COVID-19 Update: 76 new cases, three additional deaths | AHS to reinstate parking fees

Nicole Gagnon is seen enjoying a bicycle ride down Stephen Ave. SW on a warm afternoon. Monday, August 10, 2020.

With news on COVID-19 happening rapidly, we’ve created this page to bring you our latest stories and information on the outbreak in and around Calgary.


What’s happening now


Teachers association urges more funding for school re-entry hires, pension change reversal

 Alberta Teachers’ Association (ATA) president Jason Schilling seen in a file photo. The ATA says new legislation making it easier to establish charter schools would do little to help the majority of students.

The union representing Alberta teachers passed resolutions Thursday calling for immediate funding to school boards for more staff, including public health nurses, and urging the government to reverse its pension plan changes.

Meeting via zoom amid the COVID-19 pandemic, representatives at the annual assembly voted to urge government to take more action on school re-entry plans and reverse the planned transfer of teacher pension investment fund management to the Alberta Investment Management Corporation (AIMCo).

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Calgary arts, tourism groups roll out new platform for COVID-19 safe events

 Calgary Arts Development President and CEO Patti Pon speaks during the Calgary Rise Up launch announcement on Thursday, August 13, 2020. Azin Ghaffari/Postmedia

A group of Calgary organizations is trying out a new way for Calgarians to find arts events that they can safely experience during the COVID-19 pandemic.

A new online platform called Rise Up Calgary is planned to be a hub for event listings with coronavirus precautions in mind, from drive-in movies to hotel and concert packages where you watch the performance from your room’s balcony.

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City of Edmonton considering a fine for mask exemption card misuse, termination of program after significant abuse

 The City of Edmonton is considering terminating the mask exemption card program or issuing a fine for misuse after distribution ended Wednesday.

The City of Edmonton may discontinue the contentious mask exemption card program if an alternative solution can’t be found to limit the significant amount of “unanticipated abuse.”

Interim city manager Adam Laughlin addressed the city’s new program for the first time Thursday, one day after the distribution of cards abruptly ended due to abuse by some residents. More than 6,000 cards were handed out at seven recreation centres since the program started Saturday. The city publicly defended the program Tuesday, but since then it saw a 55 per cent increase in cards doled out in just over 24 hours.

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Albertans growing less satisfied with provincial COVID-19 response, new survey says; 76 new cases

 Premier Jason Kenney.

Albertans are becoming more critical of the way Premier Jason Kenney has handled the COVID-19 pandemic, a new Angus Reid survey suggests.

Nearly half of respondents to the online survey, which polled a representative random sampling of more than 1,500 Canadian adults between Aug. 5 and 8, found that only about half of Albertans (51 per cent) believe Kenney is doing a good job of handling the novel coronavirus.

It’s a drop in confidence in Alberta’s premier from previous polls in April and July, which both found about two-thirds of respondents believed Kenney was doing a good job with the pandemic.

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Free hospital parking coming to an end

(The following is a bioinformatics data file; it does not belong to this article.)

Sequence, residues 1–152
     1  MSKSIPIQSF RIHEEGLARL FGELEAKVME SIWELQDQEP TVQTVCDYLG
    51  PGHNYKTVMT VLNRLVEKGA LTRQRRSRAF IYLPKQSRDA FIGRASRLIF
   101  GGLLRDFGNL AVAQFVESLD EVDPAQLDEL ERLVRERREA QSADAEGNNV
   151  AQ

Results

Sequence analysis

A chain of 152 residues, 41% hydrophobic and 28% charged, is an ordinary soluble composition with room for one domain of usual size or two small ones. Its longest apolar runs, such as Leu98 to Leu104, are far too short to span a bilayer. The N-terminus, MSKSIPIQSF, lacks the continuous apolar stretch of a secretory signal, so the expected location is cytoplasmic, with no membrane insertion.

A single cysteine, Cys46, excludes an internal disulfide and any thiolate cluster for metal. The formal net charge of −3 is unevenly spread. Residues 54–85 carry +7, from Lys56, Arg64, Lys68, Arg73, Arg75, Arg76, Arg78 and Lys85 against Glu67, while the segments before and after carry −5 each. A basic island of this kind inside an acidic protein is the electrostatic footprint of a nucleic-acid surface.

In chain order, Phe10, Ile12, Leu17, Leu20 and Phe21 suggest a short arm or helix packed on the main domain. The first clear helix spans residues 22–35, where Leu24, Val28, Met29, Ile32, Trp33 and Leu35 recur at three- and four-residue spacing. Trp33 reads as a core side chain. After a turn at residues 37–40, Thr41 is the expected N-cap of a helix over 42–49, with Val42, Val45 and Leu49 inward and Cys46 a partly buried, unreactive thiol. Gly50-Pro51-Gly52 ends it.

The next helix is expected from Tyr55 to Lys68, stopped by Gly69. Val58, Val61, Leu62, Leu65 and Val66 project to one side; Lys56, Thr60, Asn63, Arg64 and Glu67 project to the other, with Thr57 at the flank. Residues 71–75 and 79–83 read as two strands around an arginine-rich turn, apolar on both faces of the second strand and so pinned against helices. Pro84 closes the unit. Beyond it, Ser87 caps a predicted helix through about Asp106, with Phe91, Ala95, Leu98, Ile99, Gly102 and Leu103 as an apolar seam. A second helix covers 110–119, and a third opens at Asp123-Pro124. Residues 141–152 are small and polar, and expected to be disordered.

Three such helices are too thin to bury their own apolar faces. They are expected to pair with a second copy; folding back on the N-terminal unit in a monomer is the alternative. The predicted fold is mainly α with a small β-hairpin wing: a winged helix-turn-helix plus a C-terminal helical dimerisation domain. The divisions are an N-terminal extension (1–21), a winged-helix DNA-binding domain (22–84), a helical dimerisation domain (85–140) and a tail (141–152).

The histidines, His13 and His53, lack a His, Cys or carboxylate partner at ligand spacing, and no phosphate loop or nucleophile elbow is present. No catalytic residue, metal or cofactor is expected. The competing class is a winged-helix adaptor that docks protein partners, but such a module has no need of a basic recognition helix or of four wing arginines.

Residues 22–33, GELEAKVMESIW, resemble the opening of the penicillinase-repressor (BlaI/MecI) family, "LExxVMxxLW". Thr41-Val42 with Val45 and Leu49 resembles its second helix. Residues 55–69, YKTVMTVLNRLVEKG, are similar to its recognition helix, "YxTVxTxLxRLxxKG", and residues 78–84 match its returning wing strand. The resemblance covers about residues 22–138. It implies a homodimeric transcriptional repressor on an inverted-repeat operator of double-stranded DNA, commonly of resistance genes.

An Alberta Health Services parking-payment kiosk at Rockyview General Hospital.

Five months of free parking at Alberta hospitals is running out of road.

Parking fees at Alberta Health Service sites that were waived beginning April 3 will return for staff on Aug. 31 and the public Sept. 1.

The measure was meant to be a temporary one in response to the COVID-19 pandemic, aiming to reduce the spread of infection through touching screens and buttons at payment sites.

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76 new cases, one additional death


Alberta Beer Festivals postponing Calgary and Edmonton events until next year

 People toasting with a glass of beer.

Ticket holders to the Calgary International Beer Festival and the Edmonton Craft Beer festival will have to wait a bit longer to sample those festivals’ wares.

The organizer of the events, Alberta Beer Festivals, has decided to postpone both events until next spring, due to the COVID-19 pandemic.

Tickets and tokens for this year’s events will be valid at next year’s events, and tickets for one festival can be redeemed at the other. Those who do wish to switch are asked to contact festival organizers.

Bill Robinson, president of Alberta Beer Festivals, said refunds will not be given at this time, and that he thanks the public for their support in that.

“We are a small company and have not laid off any of our staff during this time,” read a statement on the ABF website. “We continue to work hard to support the craft beer and spirit industry that we love.”

The new date for the Calgary event is April 30-May 1, 2021, while Edmonton’s festival is set for May 28-29, 2021.


Two Calgary buffets written up for allowing self-service

 FILE – Patrons help themselves from a buffet table.

Two separate Calgary buffet restaurants were ordered to switch to table service this week after not following new rules aimed at containing the spread of COVID-19.

The A+ Buffet Sushi and Bar located at 6712 Macleod Trail S.E., and the Asian Buffet located at 9125 Bonaventure Drive S.E. were both handed public health orders dated Aug. 11 after receiving verbal warnings on Aug. 7.

In both cases, an inspector found the restaurants were allowing patrons to serve themselves from the buffet without having staff present to hand out plates and utensils, control the flow of people, replace the serving utensils after each use and ensure proper hand sanitization.